To make this dish I began with the tomato water, chopping the vine-ripened tomatoes in quarters before placing in a blender to form a puree. I then seasoned the puree with sea salt and cracked black pepper before filtering several times through cheese cloth to extract the water and discard the solids and pigment. This was then placed in to a glass and chilled in the fridge until required for plating. Next in a medium sauce pan over a gentle simmer I poached a fillet of beautifully smoked cod from south africa in a little milk and sweated sliced onions until the flesh flaked away from the skin. This was then removed from the heat and allowed to cool before straining the poaching milk and setting aside. I then flaked the flesh, removing any skin and bones, in a small saucepan I made a roux to which I gradually added back the milk, over a medium heat whisking to remove lumps and form a thick white sauce. To the sauce I added a little curry powder and some grated tasty cheese mixing to melt the cheese and bring the mornay sauce together. The the saucepan was then removed from the heat and the poached smoked cod was folded into the mornay and placed covered in the fridge to cool before stuffing the zucchini flower. Once the mixture had chilled, I spooned the mornay into the zucchini flower, brushing the outside of the flower with a little white truffle oil. I then steamed the stuffed flower for a minute and a half before removing from the steamer and chilling before being served. The last application was the tomato dust of which I simply ground sun-dried tomatoes in a coffee grinder to form a powder.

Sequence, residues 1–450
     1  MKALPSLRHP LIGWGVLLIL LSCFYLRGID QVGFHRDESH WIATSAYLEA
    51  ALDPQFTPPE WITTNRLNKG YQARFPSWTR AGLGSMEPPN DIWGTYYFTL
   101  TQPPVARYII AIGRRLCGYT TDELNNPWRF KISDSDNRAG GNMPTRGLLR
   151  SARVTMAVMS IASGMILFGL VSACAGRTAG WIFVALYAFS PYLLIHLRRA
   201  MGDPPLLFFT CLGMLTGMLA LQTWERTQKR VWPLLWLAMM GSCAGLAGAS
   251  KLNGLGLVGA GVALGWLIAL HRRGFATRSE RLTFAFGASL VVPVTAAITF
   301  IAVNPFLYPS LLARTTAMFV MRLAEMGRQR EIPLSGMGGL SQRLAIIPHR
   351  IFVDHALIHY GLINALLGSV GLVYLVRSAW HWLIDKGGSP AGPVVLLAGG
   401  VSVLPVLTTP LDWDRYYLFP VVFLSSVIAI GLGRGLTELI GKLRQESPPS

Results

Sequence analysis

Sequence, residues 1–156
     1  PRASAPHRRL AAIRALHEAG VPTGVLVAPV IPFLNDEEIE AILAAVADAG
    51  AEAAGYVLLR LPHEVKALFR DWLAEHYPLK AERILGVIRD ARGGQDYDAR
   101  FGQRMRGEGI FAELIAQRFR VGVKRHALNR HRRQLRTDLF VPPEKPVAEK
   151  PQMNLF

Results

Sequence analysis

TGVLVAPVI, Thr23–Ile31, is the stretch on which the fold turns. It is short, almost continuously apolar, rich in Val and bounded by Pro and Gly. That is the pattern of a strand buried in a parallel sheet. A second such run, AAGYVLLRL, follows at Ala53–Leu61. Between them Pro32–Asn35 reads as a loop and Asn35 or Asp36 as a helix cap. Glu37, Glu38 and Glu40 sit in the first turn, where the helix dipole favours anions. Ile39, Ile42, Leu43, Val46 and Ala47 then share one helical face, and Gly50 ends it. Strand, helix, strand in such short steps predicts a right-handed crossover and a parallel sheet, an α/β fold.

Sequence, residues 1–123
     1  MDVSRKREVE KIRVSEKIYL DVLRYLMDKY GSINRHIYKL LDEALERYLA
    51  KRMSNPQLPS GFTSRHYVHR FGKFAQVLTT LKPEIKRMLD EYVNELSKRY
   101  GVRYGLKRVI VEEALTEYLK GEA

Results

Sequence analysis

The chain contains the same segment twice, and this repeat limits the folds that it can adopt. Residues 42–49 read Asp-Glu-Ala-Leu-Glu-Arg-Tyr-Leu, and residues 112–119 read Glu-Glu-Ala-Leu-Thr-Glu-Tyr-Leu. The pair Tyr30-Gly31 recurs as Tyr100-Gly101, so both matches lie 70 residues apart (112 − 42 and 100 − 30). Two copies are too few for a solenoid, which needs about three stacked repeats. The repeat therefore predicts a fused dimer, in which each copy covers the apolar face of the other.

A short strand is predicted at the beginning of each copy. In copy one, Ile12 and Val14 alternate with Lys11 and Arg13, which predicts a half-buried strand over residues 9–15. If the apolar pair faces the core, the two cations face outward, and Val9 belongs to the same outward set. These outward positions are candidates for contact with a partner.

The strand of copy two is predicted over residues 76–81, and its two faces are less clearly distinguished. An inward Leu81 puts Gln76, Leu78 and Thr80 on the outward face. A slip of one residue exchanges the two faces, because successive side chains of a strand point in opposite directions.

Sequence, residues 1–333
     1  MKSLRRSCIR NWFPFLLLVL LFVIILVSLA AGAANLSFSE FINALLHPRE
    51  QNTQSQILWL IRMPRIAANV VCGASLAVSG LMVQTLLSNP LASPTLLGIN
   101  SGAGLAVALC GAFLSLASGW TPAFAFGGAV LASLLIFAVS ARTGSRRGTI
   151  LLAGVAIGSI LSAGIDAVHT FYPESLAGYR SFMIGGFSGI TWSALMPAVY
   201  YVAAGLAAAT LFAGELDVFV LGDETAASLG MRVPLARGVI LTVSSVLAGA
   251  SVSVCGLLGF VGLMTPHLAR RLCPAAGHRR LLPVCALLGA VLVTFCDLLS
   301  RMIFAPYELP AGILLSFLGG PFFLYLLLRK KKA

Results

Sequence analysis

Presenting this dish I placed the smoked cod mornay stuffed zucchini flower upside down, standing upright in a shallow soup bowl, pouring the filtered sun-ripened tomato water in the bowl to cover the bottom of the bowl to 5mm deep. To this I added droplets of summer white truffle oil and sprinkled a little of the sun-dried tomato dust, before garnishing with a sprig of fragrant olive oil leaf herb to finish. This is a delicate, but robust flavoured dish served chilled or warm as an entremet.

Saturday, 22 March 2014


faux cheese - ( Sangkhaya ) Thai coconut custard with Strawberry gelee rind , faux grapes - ( Look choop ) Kaffir lime flavoured mung bean paste desserts.